Reviewed by Colin Jacobson (March 8, 2021)
When a remake appears, there’s a tendency to lionize the original and attack the new version. But what does one do when the first edition wasn’t very good?
It’s altogether possible that a remake can improve on its predecessor. I thought that was the case for the modern versions of Dawn of the Dead and Texas Chainsaw Massacre, and I hoped it might prove true for the 2006 edition of When a Stranger Calls.
After all, I referred to the 1979 original as “dissatisfying and hokey”, so there was lots of room to grow.
Too bad the 2006 Stranger fails to fill those gaps. “Dissatisfying and hokey” looks really good compared to this atrocious piece of horror nonsense.
As Stranger starts, we get hints of a violent attack, as someone slays a babysitter and her charges in a gruesome manner. After that short prelude, we head to a town 125 miles away from the crime scene to meet teenage babe Jill Johnson (Camilla Belle). When she goes over her cell phone minutes, her dad (Clark Gregg) makes her work off the bill as a babysitter.
This night she works for the Mandrakis family in their enormous estate. While Jill settles into the place, she receives periodic odd phone calls.
At first these consist of little more than static, but eventually the mystery voice asks about the status of the children. Not surprisingly, these creepy calls start to scare her, and the film follows her evening of terror.
Scary films aren’t often known for their subtlety, but Stranger takes things to a ridiculous extreme. Nothing here comes from the real world, as from minute one, director Simon West portrays all the environments as terrifying and foreboding. Scenes of happy kids at the carnival threaten us and Jill’s high school looks like a place where the Manson family intersects with Columbine.
Matters get no lighter when Jill hits the Mandrakis estate. An enormous and exceedingly posh place, the film treats it like a haunted house and gives us the impression Jill’s about to enter hell when she gets there.
James Dooley’s score creaks and swarms as it leaves the most foreboding of impressions. The girl turns on the TV and the movie treats this like a violent attack!
What’s the point of this constant attempt to spook the audience? Shouldn’t the film earn its scares in a natural manner and let us follow the events as they occur?
Sure, that’s the way it should be, but a hack like West doesn’t trust the material enough to allow it to progress that way.
Instead, he figures that if he doesn’t beat us into submission with Big Scary Stuff, then we’ll lose interest – I guess. The inherent story of Stranger offers enough primal chills to succeed on its own.
Who doesn’t get freaked by the notion of being stuck in the house with a killer? Why not let that premise work for itself?
That’s an excellent question and one that I can’t answer, and Stranger feels more like a true horror movie than the psychological thriller it should be. Perhaps West thinks that if he keeps the audience on edge before the scary parts occur that they’ll have more impact, but the opposite is true.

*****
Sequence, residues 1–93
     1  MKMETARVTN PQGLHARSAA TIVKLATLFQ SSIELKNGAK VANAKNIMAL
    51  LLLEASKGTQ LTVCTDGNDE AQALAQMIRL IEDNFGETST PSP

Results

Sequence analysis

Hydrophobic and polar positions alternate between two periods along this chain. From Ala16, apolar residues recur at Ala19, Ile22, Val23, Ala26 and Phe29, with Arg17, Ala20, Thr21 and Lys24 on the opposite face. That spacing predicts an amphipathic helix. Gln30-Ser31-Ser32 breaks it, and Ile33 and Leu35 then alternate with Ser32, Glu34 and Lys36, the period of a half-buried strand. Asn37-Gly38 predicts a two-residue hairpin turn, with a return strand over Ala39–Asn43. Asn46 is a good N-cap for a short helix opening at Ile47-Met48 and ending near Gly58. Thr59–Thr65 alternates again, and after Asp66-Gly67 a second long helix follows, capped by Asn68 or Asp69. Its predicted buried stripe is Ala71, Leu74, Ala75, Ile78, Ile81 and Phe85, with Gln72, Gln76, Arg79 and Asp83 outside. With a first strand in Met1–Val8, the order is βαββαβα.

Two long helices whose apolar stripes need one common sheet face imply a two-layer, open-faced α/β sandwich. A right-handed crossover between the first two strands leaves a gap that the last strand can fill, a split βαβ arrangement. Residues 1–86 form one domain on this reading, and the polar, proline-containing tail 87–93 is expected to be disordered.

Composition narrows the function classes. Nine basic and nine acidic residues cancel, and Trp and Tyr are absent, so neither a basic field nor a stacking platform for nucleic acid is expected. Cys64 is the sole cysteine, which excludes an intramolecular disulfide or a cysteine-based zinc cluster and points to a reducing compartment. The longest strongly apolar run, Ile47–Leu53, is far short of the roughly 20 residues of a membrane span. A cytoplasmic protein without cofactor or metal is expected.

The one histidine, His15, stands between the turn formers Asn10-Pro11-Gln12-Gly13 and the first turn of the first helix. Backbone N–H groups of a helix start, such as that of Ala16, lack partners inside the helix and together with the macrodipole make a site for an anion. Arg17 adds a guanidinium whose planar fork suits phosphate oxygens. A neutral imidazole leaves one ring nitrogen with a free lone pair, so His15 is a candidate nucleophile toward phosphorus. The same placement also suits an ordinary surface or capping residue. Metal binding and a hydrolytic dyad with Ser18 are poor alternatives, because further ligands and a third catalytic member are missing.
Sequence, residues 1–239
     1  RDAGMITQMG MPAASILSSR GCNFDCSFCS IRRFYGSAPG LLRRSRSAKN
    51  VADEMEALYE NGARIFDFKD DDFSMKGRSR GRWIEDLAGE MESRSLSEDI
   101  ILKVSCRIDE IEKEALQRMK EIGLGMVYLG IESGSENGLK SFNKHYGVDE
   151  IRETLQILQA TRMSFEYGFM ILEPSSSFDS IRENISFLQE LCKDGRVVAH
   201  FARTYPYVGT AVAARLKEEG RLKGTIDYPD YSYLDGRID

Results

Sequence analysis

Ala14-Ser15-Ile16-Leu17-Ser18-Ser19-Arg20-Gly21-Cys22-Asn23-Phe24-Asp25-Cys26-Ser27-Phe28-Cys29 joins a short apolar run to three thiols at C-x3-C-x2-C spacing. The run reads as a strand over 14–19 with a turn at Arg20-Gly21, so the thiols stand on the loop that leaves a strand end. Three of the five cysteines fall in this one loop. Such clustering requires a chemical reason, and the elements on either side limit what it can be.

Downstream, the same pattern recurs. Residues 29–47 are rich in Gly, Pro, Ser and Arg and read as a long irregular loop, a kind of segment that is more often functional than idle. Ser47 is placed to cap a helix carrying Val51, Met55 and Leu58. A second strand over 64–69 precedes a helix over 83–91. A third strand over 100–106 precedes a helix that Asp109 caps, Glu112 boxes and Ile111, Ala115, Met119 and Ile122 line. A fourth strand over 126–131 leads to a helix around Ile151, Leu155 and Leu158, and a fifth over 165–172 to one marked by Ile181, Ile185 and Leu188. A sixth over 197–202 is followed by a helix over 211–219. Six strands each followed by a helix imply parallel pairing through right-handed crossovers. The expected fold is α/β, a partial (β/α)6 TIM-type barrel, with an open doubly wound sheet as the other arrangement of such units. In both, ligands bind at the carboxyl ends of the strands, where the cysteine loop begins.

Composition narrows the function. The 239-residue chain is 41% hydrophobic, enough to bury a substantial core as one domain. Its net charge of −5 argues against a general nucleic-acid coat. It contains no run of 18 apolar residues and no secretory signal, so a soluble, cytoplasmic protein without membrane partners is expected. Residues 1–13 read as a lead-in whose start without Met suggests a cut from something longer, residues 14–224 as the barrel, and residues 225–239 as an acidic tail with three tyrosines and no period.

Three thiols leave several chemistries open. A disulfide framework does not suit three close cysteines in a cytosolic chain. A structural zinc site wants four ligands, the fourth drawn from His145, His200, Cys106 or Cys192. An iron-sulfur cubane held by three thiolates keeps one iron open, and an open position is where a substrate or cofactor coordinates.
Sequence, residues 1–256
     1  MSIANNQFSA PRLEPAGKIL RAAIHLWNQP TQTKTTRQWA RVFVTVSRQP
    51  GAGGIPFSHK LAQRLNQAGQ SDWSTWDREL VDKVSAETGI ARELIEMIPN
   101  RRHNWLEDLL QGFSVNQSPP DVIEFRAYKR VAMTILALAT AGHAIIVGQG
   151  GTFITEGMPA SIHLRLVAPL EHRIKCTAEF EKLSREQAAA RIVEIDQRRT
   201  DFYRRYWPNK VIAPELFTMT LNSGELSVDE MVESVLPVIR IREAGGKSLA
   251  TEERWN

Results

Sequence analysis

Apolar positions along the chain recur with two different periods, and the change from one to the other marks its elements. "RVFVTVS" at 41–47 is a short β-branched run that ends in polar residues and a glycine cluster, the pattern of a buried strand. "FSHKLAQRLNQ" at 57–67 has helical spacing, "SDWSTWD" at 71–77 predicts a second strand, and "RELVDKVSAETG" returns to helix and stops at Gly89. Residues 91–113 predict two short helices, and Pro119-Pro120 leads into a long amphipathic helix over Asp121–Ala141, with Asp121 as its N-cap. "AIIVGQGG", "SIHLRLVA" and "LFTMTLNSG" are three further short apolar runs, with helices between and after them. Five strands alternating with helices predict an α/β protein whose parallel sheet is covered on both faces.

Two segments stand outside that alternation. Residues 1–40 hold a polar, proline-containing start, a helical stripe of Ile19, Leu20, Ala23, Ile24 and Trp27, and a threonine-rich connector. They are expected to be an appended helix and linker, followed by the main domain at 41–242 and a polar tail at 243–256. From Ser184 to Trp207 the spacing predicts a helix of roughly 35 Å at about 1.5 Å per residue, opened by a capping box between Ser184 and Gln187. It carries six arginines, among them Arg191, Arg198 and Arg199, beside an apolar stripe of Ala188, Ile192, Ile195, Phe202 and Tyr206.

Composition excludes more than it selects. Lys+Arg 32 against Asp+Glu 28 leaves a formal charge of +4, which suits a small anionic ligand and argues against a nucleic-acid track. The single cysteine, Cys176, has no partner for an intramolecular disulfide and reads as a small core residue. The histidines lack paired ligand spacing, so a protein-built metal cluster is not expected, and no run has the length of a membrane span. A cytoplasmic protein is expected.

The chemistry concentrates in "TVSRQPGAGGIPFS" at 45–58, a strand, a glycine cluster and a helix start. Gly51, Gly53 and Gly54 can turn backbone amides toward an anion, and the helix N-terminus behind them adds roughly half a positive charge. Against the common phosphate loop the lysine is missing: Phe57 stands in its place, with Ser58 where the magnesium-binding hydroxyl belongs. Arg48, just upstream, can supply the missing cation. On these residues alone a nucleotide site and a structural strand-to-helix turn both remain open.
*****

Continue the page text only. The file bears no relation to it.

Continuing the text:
Lull us into a sense of complacency and the jumps might happen. Telegraph everything and we’re numb before the first act ends.
West’s constant use of fake scares doesn’t help. From early in the film, it often tosses potential menaces at us, most of which inevitably prove to be nothing much.
West does so to keep us off-guard for the real events, but instead, we cease to care. By the time anything potentially frightening occurs, we just want the nonsense to conclude and let us go on with our lives.
At least Belle is about 1000 times hotter than the original flick’s Carol Kane. However, she proves to be a much less effective actor.
Belle has one expression: vaguely peeved. That’s it. No matter what happens, she shows this single look and never varies.
Combine this with her wooden line readings and it’s impossible to care about Jill. Sure, we hope that she’ll lose her top at some point, but given the movie’s “PG-13” rating, even that seems unlikely.
The thriller elements of the 1979 version never seemed too logical, and the 2006 take doesn’t fix those problems. Technology should make it a tougher story to tell, but the modern Stranger simply ignores those advances except when convenient.
Why does Jill so infrequently think to check called ID? At first it looks like the Mandrakises don’t even have that feature, which seems absurd - they own a million dollar home but can’t afford a simple add-on?
Later we see that they do have caller ID, but Jill’s too dense to utilize it. The movie loves leaps of logic and lets them abound rather than offer a story that makes sense.
I suppose I should give the 2006 Stranger credit for the fact it doesn’t simply offer a literal remake of its predecessor. In that film, Jill’s babysitting assignment only occupied the first act.
The rest of the flick leapt seven years into the future as it looked at the murderer and the aftermath of the slaying. The 2006 flick goes the straight horror route and only follows the events of the single evening.
That’s what I – and probably a lot of people – thought the story of the original would be, so I don’t see the narrow focus of the 2006 When a Stranger Calls to be a problem. I do dislike the flick’s heavy-handed storytelling and lack of any drama, real scares or reason to exist. It takes an intriguing premise and turns it into nothing more than just another cheap slasher film.
Trivia note: two years before the formal launch of the Marvel Cinematic Universe, we find Tessa “Valkyrie” Thompson and Clark “Agent Coulson” Gregg in supporting roles.